If you are looking for a job that requires specific skills, you might want to consider updating your resume to include courses you have taken or information about other relevant work experiences. Your resume, LinkedIn profile, and other similar networks reflect your professional knowledge and skills. If they don’t align with what you want to accomplish in your professional life, they can hurt your image and keep you from moving ahead on your career path.
Stop Saying Yes to Everything
It can be hard to say “no” in a world that promotes over-commitment and over-scheduling. It’s easy to say “yes” when someone asks you to do something, even if your schedule doesn’t allow you to take on another task. You may not want to hurt someone’s feelings or disappoint them, but you also don’t want to waste your time on something that doesn’t fit your priorities. We must choose what we say yes to and what we say “no” to with intention. The ability to say no is crucial to effective time management. Only you know what you have time for, so don’t hesitate to decline a request if you need to focus on more critical tasks. When you need to say no, be polite and respectful. Say something like, “I’m sorry, but I have too much work today. I’ll be able to help you another time,” or “Now isn’t a good time for me. I’ll let you know if my schedule frees up.”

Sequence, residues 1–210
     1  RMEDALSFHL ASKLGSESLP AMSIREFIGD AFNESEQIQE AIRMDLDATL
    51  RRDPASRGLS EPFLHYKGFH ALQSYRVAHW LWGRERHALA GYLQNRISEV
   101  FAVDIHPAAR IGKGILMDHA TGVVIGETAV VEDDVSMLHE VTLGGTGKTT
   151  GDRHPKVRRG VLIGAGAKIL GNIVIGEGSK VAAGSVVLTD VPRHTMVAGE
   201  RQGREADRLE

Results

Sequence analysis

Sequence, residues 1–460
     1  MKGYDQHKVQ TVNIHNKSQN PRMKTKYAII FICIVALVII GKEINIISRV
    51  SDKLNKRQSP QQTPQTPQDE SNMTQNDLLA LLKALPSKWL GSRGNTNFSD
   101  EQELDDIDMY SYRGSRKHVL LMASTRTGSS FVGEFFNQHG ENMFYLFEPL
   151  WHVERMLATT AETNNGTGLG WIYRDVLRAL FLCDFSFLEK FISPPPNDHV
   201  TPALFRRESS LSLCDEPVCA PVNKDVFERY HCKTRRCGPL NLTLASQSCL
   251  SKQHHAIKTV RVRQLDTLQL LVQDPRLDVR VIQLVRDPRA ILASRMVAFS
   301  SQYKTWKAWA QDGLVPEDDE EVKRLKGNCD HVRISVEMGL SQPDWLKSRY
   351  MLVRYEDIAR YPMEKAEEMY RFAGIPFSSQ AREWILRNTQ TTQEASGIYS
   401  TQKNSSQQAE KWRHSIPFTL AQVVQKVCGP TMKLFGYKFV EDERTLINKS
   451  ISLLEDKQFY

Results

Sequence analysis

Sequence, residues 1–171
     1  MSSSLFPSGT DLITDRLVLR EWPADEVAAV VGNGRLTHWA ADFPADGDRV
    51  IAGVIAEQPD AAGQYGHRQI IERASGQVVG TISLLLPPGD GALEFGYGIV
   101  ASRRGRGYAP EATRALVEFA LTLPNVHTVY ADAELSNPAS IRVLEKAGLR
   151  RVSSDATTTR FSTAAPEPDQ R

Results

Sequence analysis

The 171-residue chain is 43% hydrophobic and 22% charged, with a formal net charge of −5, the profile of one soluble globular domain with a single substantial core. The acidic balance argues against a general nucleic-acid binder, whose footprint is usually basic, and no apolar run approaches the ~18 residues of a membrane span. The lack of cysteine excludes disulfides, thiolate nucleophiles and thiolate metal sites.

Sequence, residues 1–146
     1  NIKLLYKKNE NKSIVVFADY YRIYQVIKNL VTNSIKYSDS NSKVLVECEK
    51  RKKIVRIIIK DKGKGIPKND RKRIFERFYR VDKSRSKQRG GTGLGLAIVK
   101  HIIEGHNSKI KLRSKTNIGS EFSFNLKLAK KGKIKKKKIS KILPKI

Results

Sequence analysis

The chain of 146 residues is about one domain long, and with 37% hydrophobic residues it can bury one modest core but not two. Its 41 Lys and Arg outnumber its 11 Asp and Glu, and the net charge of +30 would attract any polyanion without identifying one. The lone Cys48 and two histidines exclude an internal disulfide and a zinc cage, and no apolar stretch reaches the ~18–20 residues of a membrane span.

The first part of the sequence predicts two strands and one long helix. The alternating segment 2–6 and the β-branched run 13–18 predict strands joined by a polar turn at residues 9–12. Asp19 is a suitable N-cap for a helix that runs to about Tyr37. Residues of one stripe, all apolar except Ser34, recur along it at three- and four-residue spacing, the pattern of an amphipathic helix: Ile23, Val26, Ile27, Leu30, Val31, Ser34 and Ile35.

It all comes down to simplifying, prioritizing, and focusing our attention on what matters most. Maybe you have a big project that will take up most of your time for several weeks. It’s OK to decline coworkers asking for help on simple tasks politely. Just explain why you can’t accept their request without feeling guilty about declining their offer.
Eliminate Outdated Expectations
Career expectations constantly change. Five years ago, you may have had some career goals that have changed today. Those outdated expectations can look like wanting to stay at a company for a certain period but staying longer. Or you want to try something new but find yourself continuing to excel in your current role. If you’re clinging to plans you made a few career seasons ago; it’s time for an update. Start by assessing what has changed since then. What skills have you acquired? What industries have piqued your interest?